Section 53: Interests in Possession
1.Section 53 provides that where an interest in possession in a trust is purchased then for inheritance tax (IHT) purposes it will be treated as part of the purchaser’s estate.
Details of the Section
2.Subsection (2) amends section 3A of the Inheritance Tax Act 1984 (IHTA), which provides for certain transfers to individuals to be potentially exempt from IHT.
3.Subsection (2)(a) removes the reference to a charge under section 52 of IHTA being treated as a potentially exempt transfer. (Section 52 of IHTA provides for there to be an IHT charge where an interest in a settlement that is treated as part of a person’s estate comes to an end.)
4.Subsection (2)(b) inserts new subsection (6A) into section 3A of IHTA. This re-instates the position that a transfer of value under section 52 will be potentially exempt, but provides for an exception to this where the section 52 charge arises in respect of an interest that is treated as part of a person’s estate under new section 5(1B) of IHTA. This means that, for example, where the trust comes to an end and the capital is paid out, the transfer of value will be immediately chargeable to IHT.
5.Subsection (3) amends section 5(1)(a)(ii) of IHTA so that interest in possessions defined in new section 5(1B) of IHTA will be excluded from the general provision that interest in possessions are not treated as part of a person’ estate.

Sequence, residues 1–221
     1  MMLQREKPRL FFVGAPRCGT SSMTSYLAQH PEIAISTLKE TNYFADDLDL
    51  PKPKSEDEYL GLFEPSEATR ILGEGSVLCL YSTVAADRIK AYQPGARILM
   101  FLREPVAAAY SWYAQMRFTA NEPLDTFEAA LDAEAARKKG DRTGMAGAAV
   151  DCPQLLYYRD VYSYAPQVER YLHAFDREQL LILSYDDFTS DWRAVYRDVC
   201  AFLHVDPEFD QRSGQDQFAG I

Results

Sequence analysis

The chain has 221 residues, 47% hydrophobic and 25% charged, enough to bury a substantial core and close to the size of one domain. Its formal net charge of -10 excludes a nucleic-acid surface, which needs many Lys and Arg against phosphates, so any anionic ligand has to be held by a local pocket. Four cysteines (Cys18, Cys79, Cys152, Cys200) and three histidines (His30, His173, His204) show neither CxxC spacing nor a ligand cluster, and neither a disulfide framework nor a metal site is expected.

6.Subsection (3)(b) inserts new subsection (1B) into section 5 of IHTA, so that it includes a new category of interest in possessions that will be included as part of a person’s estate. These are interests to which a UK domiciled person is entitled and that the person acquired that interest in an arm’s length transaction (as defined in section 10 of IHTA).
7.Subsection (4) provides for consequential amendments to other provisions so that they include interests in possession as defined in new section 5(1B) of IHTA.
8.Subsection (4)(a) provides that the person who has a section 5(1B) interest will be treated as being beneficially entitled to the property underlying that interest by virtue of section 49(1A) of IHTA. This means that, for example, on death, they will be treated as if they owned the property in which their interest subsisted.